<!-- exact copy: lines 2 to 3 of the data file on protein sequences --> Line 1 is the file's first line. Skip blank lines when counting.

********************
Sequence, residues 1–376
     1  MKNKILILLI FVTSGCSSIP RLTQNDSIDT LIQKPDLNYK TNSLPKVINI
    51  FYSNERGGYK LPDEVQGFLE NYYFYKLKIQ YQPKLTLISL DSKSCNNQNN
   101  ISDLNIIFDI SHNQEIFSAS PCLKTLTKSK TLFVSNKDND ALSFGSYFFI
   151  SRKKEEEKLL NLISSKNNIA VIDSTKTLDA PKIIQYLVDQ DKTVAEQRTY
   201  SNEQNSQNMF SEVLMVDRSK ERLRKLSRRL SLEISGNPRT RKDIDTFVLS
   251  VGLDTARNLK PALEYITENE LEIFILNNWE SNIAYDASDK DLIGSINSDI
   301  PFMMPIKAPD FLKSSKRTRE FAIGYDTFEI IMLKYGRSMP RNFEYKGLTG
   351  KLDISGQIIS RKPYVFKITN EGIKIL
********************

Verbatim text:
     1  MKNKILILLI FVTSGCSSIP RLTQNDSIDT LIQKPDLNYK TNSLPKVINI
    51  FYSNERGGYK LPDEVQGFLE NYYFYKLKIQ YQPKLTLISL DSKSCNNQNN